Hmm.. you know what? Your article totally reminds me of my neighborhood baker who's been planning to do total cleanup in his kitchen before the Christmas break. I really appreciate it when you said that cleaning our grease trap as often as possible is always a nice thing to do. I'll remind him about this tip so he'll perform the right procedure later.
A grease trap is an integral part of today’s commercial kitchens. Fried foods are popular across menus, venues, and price points. When your grease trap is properly cleaned and maintained, your restaurant smells clean, your food tastes delicious, and your customers are happy to return again and again. This tool also helps you save on plumbing costs and protect your local environment. Learn how to clean your restaurant grease trap to keep your kitchen running smoothly.
What Is A Grease Trap?
Commercial grease traps or grease interceptors are plumbing devices that keep fatty food products from entering your drains. Grease traps capture the fats, oils, and greases (also called FOG) that would otherwise go down the sewer.
Most modern kitchens produce FOG. Fried foods require constant oil usage, but grilled meat, buttery vegetables, and even salad dressings also introduce fats to your kitchen.
FOG poses several environmental risks, both to your immediate facility and the greater ecosystem. Fat, oil, and grease that’s poured down a standard drain can clog your pipes, cause unpleasant smells, and attract vermin. A properly functioning grease trap can save you hundreds or thousands of dollars on emergency plumbing and extermination services. Once it leaves your property, FOG can damage municipal sewage systems and harm local waterways, fish, and animals. Grease trap cleaning is an integral part of running a responsible, profitable kitchen.
Where Is Your Grease Trap?
Most grease traps are located outside your facility, on an exterior wall that’s close to your kitchen. Your grease trap is likely near your dishwashing station, so look for your grease trap cover on the ground nearest your dishwashing sink. The cover might look like a manhole, sewage cover, or septic tank cover.
Alternately, some grease traps are in a basement for protection from freezing temperatures.
Grease Trap Cleaning in Seven Easy Steps
- Remove Lid: Slowly and carefully remove your grease trap's lid. Take care not to damage the lid or any of its gaskets.
- Measure Grease Build-Up: Insert a ruler or measuring stick into the grease trap to see how many inches of grease the trap has captured. This process is similar to checking the oil in your car’s engine. Make sure to record how much grease you found in a FOG report as required by the EPA.
- Remove Water: Use a bucket or a small pump to remove any water from your grease trap. Save this water to return it to the trap later in the process.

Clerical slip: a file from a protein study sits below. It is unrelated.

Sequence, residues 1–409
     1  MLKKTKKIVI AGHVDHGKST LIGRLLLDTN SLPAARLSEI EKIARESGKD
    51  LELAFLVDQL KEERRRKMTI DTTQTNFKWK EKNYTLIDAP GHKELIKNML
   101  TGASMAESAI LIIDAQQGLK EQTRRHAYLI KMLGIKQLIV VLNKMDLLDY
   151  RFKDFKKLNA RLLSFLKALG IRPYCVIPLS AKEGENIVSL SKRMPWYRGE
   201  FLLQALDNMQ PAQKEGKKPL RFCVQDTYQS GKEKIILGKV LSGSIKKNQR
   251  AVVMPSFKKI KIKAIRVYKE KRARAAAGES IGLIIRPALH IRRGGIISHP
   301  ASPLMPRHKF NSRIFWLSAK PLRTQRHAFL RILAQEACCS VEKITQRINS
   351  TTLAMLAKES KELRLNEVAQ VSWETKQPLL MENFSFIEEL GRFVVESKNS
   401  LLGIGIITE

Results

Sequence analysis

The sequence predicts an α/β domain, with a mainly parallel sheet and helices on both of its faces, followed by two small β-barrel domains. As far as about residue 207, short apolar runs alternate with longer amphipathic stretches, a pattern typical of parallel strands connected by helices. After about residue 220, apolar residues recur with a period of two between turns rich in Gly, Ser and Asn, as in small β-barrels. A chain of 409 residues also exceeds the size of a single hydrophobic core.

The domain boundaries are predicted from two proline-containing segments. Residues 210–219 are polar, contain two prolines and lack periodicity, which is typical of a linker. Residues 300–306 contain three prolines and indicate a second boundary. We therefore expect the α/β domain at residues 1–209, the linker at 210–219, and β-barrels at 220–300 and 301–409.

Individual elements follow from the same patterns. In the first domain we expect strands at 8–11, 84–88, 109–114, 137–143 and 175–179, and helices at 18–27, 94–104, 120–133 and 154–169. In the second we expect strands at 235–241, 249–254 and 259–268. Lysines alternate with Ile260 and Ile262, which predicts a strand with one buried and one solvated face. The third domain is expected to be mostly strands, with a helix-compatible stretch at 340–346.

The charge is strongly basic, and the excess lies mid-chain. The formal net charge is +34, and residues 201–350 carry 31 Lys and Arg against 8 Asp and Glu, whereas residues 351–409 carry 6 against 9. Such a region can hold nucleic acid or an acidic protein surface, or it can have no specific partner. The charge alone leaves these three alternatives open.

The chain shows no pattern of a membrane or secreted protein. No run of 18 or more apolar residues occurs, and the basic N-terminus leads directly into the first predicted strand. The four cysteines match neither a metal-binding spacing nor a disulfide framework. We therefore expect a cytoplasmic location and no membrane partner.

- Remove Grease: Scoop out the grease from your trap with a bucket, shovel, or another heavy-duty scooping tool. Make sure to remove any excess grease from your trap’s bottom, sides, and lid. This helps prevent built-up grease from debris.
- Clean Everything: Scrub the top, sides, and bottom of your trap and clean the screens. GoFoodservice offers a wide range of powerful commercial drain cleaners to help you get your trap as clean as possible.
- Replace Water: Add the water you saved in step 3 back to your grease trap.
- Reassemble: Carefully reinstall all parts and refasten the lid.
When To Clean Your Grease Trap
Now that you know how to clean your restaurant grease trap, let’s explore when you should clean it. Start by checking your local regulations to see how much grease you are allowed to accumulate at one time. Many cities require you to keep less than 25% of your trap full at any time, but your municipality may be different. You may need to clean your trap once a quarter, once a month, or even once a week, depending on how much FOG your kitchen produces.
It's best to clean your trap when your kitchen isn't at work. Take a look at your business model to discover the best time for your routine. Some kitchens clean their traps after closing when the day’s dishes are all washed and the trap is as full as possible. Others find grease trap cleaning is a good task for the early morning before customers have arrived. Experiment to find the best schedule for your kitchen.
Explore Grease Traps and Drain Cleaners at GoFoodservice
Whether you’re looking for a new grease trap or simply want to maintain the trap you already have, GoFoodservice has a wide range of options. Explore our industry-leading grease traps and commercial drain cleaners to keep your kitchen working at top capacity.
I thought you made an interesting point when you mentioned that it is a good idea to clean a restaurant's grease trap when the kitchen isn't at work. With that in mind, it seems like the best time to clean a grease trap would be in the middle of the night. It could be a good idea to hire a plumbing company that will do the grease trap cleaning for you if you want something that is more convenient.